Thursday, February 21, 2013

Nicks that bowl you over.

Our cricketer nicknames bear a striking resemblance to the dust bowls we pass off as pitches. Mostly they are dry (Gauti, Viru, Zak, Yuvi, Dada), lifeless (Sanu, Chikku, Mahi, Jaddu) or doctored for spin (The Wall, Haryana Hurricane, Turbonator, Master Blaster, Very Very Special, Captain Cool).

Rarely do you get names with wit. ‘Amarnought’ (the moniker Mohinder earned when he scored three ducks against Holding in the Windies tour of India in 1983/84) and ‘Bombay Duck’ (bestowed on Agarkar for notching seven straight zeroes against the Aussies) are the only two, I can recollect.

In stark contrast, the willow wielders and red cherry hurlers from other nations sport far more colourful pet names. David Boon, the portly opener who is best remembered for glugging 54 cans of beer while flying from Sydney to London for the Ashes tour, was called ‘Keg on Legs’ for his high-spiritedness.

Angelo Mathews was labelled ‘Superman’ by his team mates for his kinky penchant for wearing the underwear over his tights. Richie Benaud, the all rounder turned commentator, was famously lampooned as ‘Diamonds’ as his friends believed Richie was so lucky that even ‘if he were to put his mouth into a bucketful of shit, he’d come up eating diamonds’.

Mfuneko Ngam, the South African cricketer who played three test matches in his career, had a cleverly concocted nick. He was ‘Chewey’ as Ngam sounded very much like the ‘ingum’ in chewing gum!

When the team members are too polite, sometimes the crowd pitches in with a suitable moniker. Umar Gul was anointed with the ‘Peshawar Rickshaw’ tag as his pace was rather slow when compared to ‘Rawalpindi Express’ Shoaib Akhtar. Likewise when the bodyline-fame JWHT Douglas took 183 minutes to clock 33 runs, the irate spectators dubbed his initials as ‘Johnny Won’t Hit Today’.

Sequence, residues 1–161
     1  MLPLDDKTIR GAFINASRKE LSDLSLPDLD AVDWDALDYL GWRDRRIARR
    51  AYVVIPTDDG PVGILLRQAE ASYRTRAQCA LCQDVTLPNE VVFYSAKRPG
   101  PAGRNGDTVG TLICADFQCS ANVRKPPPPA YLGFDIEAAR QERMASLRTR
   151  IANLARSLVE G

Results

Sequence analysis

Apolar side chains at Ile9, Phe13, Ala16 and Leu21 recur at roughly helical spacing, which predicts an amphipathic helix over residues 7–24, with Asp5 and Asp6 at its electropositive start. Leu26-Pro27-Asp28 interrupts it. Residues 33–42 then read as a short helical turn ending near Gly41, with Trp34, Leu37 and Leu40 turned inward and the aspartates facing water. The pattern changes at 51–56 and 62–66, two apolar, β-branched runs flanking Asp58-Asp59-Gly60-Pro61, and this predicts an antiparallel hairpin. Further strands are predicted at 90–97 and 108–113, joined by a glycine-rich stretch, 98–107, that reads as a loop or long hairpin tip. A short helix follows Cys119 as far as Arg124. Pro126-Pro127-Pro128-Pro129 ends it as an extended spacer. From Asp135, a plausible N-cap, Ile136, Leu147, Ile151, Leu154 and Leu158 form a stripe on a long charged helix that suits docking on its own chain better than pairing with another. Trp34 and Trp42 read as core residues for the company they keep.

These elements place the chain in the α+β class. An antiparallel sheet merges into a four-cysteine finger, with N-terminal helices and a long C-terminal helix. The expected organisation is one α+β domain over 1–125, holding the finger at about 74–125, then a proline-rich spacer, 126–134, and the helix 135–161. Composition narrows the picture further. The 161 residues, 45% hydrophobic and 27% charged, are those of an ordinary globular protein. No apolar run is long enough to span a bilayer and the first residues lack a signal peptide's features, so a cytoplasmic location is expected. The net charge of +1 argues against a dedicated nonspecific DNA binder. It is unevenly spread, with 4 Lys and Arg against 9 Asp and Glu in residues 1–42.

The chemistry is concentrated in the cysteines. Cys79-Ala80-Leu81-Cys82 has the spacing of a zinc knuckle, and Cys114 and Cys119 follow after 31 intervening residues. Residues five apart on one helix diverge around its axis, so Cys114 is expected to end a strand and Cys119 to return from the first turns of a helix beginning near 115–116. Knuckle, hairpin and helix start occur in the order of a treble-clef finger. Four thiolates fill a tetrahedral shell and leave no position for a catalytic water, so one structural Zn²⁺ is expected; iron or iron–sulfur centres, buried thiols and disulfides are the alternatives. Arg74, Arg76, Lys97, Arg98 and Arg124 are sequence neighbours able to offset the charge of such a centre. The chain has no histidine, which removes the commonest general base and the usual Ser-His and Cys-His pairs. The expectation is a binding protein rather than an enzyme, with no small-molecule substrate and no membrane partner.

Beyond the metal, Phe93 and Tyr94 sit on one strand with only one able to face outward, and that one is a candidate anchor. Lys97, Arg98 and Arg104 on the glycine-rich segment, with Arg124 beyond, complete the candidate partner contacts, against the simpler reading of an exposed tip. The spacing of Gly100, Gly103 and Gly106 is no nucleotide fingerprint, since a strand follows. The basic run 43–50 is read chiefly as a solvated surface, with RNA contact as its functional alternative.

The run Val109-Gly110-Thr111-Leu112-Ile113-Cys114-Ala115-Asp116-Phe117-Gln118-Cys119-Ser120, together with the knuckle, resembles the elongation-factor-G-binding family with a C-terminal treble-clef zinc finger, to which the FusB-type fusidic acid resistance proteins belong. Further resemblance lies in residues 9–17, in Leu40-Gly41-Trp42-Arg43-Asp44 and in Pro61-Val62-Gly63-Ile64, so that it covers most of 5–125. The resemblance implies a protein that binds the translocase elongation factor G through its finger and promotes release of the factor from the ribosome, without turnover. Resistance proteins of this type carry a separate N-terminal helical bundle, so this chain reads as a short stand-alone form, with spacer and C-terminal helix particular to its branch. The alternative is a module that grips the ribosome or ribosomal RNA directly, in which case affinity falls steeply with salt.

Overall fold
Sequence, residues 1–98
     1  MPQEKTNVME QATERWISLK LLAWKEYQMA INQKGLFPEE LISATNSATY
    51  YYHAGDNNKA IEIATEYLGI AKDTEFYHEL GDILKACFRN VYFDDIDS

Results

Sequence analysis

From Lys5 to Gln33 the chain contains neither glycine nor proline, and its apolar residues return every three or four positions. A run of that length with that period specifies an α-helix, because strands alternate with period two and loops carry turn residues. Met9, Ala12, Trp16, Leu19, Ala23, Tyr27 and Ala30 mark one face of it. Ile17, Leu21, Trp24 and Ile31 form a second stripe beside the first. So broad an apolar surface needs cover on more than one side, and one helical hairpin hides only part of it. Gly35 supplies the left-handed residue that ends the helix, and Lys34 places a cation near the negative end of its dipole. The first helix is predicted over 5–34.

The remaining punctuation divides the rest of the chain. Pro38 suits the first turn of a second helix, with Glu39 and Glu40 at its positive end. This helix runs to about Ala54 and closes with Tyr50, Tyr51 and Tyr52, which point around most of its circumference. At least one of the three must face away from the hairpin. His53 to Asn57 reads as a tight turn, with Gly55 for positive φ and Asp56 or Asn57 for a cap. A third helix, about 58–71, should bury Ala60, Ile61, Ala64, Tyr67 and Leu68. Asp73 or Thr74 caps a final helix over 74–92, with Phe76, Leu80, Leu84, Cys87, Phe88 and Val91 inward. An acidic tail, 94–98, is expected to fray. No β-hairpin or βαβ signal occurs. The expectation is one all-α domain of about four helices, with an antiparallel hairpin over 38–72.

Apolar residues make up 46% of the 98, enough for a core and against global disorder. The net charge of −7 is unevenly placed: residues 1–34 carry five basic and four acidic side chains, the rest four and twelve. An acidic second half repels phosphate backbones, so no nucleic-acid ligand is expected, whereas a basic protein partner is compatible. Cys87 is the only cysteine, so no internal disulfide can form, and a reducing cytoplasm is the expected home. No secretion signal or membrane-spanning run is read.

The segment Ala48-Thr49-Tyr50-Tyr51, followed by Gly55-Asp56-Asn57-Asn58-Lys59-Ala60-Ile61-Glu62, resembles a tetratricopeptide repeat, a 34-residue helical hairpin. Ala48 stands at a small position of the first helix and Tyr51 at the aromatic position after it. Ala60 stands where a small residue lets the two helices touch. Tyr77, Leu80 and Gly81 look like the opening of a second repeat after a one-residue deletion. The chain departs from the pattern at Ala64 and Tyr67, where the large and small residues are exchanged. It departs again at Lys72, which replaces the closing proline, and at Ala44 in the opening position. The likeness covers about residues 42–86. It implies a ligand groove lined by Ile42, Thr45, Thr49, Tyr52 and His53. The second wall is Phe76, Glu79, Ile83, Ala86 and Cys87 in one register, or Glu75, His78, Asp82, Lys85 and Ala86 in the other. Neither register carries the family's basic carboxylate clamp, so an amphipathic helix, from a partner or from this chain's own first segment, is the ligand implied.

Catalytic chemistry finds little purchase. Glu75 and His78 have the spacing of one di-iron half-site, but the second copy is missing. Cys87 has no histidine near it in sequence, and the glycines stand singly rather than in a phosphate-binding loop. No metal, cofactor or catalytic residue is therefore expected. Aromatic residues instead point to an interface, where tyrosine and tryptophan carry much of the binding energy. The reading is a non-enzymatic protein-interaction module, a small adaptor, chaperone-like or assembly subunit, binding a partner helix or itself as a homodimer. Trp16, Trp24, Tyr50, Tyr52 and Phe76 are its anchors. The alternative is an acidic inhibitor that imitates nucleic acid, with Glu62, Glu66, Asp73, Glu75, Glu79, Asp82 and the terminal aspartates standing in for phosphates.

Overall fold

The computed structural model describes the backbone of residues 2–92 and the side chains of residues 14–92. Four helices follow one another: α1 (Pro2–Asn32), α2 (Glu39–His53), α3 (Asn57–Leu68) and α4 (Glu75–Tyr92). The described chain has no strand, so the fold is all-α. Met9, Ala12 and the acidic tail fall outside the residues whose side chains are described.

Sometimes the media contributes to the fun with spicy coinages. Nasser Hussain’s tendency to break his fingers, earned him the snarky ‘Poppadom Fingers’ appellation. Nantie Hayward, the man touted to replace Alan Donald, was billed as ‘Wayward Hayward’ for his unpredictably raw pace. And slow runner Mark Richardson was mocked as ‘Rigor’ (short for rigor mortis) as he moved like a dead man!

Thursday, February 14, 2013

How bad words became bad words.

If some aliens were to knock at your door and beseech you to teach them the most vulgar sounding swear words, please remember one little tip: profanity sounds most profane not in Punjabi or Hindi but in our very own Chennai Tamil.

Let’s face it. The wimpy Kutte Kaminey is no match for our cringe-inducing Kaide Kasmaalam. Word for word, expletive for expletive, your average son of the gutter Tamil obscenity, is far more abrasive, offensive and repulsive.

Despite creating an enviable pool of cuss words, not many are aware of the etymological roots of our favourite insults. As a leading practitioner of the unparliamentary, I think it’s my duty to chronicle the evolution of local invectives.

So let’s start with Capemaari (thief or rogue). You’d be surprised to know that Capemaari is derived from a thuggee like tribe called Kepumaaris who were a public nuisance during the time of the British. They were the lead criminal class in Tiruvallur in the then Chengalpet district. For their misdemeanours, the Brits gave them a bad name and the derogatory saga continues.